The federal government on Tuesday released a study on the growing terrorism threat – men who call themselves “anti-feminists” or “involuntary celibates” and draw motivation for violence from their inability to develop relationships with women. Since 2014, attacks inspired by the “incel movement” and spanning the U.S. and Canada have left dozens dead.
Early intervention and behavioral threat assessments could be the difference between life and death for women targeted by the growing ideology, according to the 26-page report. The report concluded that while “there is no one profile of an individual who plans or executes an act of targeted violence,” investigators must consider potential targets when seeking to thwart attacks, as suspects routinely “explore multiple targets during the planning process, before making their final selection.”
The U.S. Secret Service’s National Threat Assessment Center took a deep dive into a series of red flags predating a shooting at a yoga studio in Tallahassee, Florida, to determine how early intervention could save lives in the future. The NTAC routinely publishes research based on assessment of the current threat environment.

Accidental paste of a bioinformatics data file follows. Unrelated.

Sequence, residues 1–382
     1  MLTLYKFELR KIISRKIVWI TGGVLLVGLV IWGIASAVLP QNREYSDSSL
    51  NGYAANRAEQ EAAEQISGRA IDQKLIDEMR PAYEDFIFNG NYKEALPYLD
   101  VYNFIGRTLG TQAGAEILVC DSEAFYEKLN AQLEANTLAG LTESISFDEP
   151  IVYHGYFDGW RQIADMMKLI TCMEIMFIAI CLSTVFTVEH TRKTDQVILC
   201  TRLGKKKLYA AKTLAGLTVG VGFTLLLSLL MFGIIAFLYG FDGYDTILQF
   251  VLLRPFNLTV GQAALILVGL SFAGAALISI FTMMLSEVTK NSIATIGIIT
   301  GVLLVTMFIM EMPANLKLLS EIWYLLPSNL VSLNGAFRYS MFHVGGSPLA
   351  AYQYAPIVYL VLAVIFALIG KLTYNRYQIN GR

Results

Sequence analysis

In the case of 40-year-old gunman Scott Paul Bierele there were countless warning signs. The man who opened fire inside Hot Yoga Tallahassee – killing two women and injuring four more before committing suicide – had previously been fired from multiple teaching jobs, barred from bars and apartment buildings, and once authored an 70,000 word revenge fantasy about a boy turned serial killer, according to the report.
“During his teen years, the attacker was accused of stalking his classmates, and he wrote stories that centered around violent themes,” said Steve Driscoll, lead research specialist at NTAC, in a briefing with reporters on Thursday. “One of those stories was 81 pages long and involved the protagonist murdering several girls before committing suicide. The female characters in the story that were killed, represented the attacker’s actual classmates from his high school, but he slightly changed the names in his writing.”